I’ll never forget meeting Henry Morris in 2012, MEAT+POULTRY’s first Operations Executive of the Year recipient. We met at Smithfield Foods’ 12th floor office with a million-dollar view of Chicago’s Michigan Avenue. The night before my morning flight to Chicago, I visited with my mother and she was unusually interested to hear about the man I was going to interview. She smiled and listened carefully. I told her how opportunities to meet some of the world’s most interesting and successful people has always been one of the best perks of my job. These were opportunities I would have never known if she and my dad hadn’t encouraged and supported my pursuit of a college degree and a career as a newspaper reporter and later, a magazine editor. During that next day’s trip, I couldn’t help but think how the words and actions of most people’s parents profoundly influence their children’s professional lives and how they develop into friends, spouses, parents and contributors to society. It was one of the first topics I brought up with Henry Morris in discussing his career path. His eyes twinkled as he told me his dad “believed in hard work and accountability.” Morris spoke fondly of his father, who worked in a zinc and copper refinery for much of his adult life. “He was driven,” he said.
After interviewing Morris and on the way home from the airport that March day, I got a call that my otherwise healthy mother had passed away in her sleep while I was sleeping in Chicago. While shocked, I found peace that I was where she wanted me to be, doing worthwhile work in a career she encouraged me to pursue and would never let me give up on.
There typically is an interesting and telling parental influence behind these stories. In 2017, Tyson’s Chris Rupp said he learned that hard work alone isn’t always enough. His career path was influenced by watching his father spend his career doing back-breaking work on a farm he didn’t own. Unfortunately, he said, “I watched my dad retire with nothing. I knew that wasn’t for me.”
In 2016, Dietz & Watson’s John Schoenfellinger shared how his meat industry experience started before kindergarten, when he tagged along with his dad, a maintenance worker, at several meat companies in Philadelphia. “Dad kept me at his side when he was taking things apart,” he said. Schoenfellinger is still working in the industry almost three decades later.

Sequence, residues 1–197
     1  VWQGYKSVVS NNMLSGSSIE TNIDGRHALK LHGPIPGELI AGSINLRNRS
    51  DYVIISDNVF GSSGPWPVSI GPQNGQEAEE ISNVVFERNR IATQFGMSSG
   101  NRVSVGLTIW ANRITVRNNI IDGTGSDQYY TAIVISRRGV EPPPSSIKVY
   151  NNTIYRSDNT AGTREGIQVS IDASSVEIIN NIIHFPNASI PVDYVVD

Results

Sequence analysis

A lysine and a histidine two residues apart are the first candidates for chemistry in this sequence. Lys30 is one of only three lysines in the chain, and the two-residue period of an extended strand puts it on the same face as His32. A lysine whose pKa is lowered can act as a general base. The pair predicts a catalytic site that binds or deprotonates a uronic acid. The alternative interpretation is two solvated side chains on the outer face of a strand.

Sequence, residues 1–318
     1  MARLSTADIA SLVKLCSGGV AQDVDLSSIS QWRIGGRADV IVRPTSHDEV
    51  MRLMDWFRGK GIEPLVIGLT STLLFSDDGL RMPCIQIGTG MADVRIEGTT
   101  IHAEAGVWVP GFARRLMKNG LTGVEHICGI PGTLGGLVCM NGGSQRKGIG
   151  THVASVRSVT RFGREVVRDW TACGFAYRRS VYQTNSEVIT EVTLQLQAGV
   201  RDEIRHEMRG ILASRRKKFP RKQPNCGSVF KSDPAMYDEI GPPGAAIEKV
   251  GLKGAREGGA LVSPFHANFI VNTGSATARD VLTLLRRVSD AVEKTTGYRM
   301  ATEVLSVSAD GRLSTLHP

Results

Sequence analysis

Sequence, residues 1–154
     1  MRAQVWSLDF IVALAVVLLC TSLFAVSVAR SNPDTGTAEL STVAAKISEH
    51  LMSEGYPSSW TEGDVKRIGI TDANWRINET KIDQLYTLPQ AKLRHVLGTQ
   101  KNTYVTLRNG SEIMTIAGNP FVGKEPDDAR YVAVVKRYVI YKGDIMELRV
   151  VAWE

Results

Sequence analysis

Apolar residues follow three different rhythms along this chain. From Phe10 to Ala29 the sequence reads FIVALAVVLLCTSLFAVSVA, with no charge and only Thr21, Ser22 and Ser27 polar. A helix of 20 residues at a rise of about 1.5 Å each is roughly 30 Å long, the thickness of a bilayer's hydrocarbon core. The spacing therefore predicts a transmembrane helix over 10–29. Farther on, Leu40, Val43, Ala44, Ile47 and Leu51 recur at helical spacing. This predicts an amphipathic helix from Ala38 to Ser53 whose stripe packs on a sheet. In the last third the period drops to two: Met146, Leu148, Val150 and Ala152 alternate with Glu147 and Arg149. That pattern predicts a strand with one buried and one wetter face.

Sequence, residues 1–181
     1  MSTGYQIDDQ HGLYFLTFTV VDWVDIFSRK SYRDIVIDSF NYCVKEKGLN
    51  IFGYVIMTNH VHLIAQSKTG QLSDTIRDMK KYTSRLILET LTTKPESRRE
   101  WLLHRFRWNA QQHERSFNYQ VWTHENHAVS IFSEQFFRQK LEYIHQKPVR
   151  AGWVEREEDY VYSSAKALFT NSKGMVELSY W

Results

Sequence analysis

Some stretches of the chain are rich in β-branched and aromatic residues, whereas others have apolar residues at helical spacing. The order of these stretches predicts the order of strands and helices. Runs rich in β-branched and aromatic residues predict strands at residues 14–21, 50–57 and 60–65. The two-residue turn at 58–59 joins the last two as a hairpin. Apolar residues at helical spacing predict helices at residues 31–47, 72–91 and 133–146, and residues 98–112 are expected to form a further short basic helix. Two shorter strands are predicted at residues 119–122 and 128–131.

This year’s recipient shared stories of how his mother, a lifelong teacher who believed a college degree was required of her three children, was a prominent influence at key points in his life. Robert Garlington shared that when he returned home in between semesters early in his college career, he revealed to his parents that he had made the decision to not go back to school and to sit out a semester or maybe more. His whimsical theory barely got out of his mouth before his mother told him that wasn’t an option and, in fact, his car was already packed, running and pointed in the direction of Stephen F. Austin (SFA) State Univ. He dutifully climbed in the car and returned to school, ultimately earning a degree in education just like both of his parents and two sisters. After graduating from SFA, Garlington again announced his plans to take a break and take some time to regroup before making his next move. His mother nipped that notion in the bud by applying for a job on his behalf before his move back home. Two days after graduating, Garlington’s career in the poultry industry began in Lufkin, Texas, thanks to the intuition of someone who may have known him better than he knew himself. Each year before publishing the story honoring M+P’s Operations Executive of the Year, I pause to remember how symbolic and profound that first interview was for me and make it a point to honor the parents and influencers behind the industry’s icons and legends.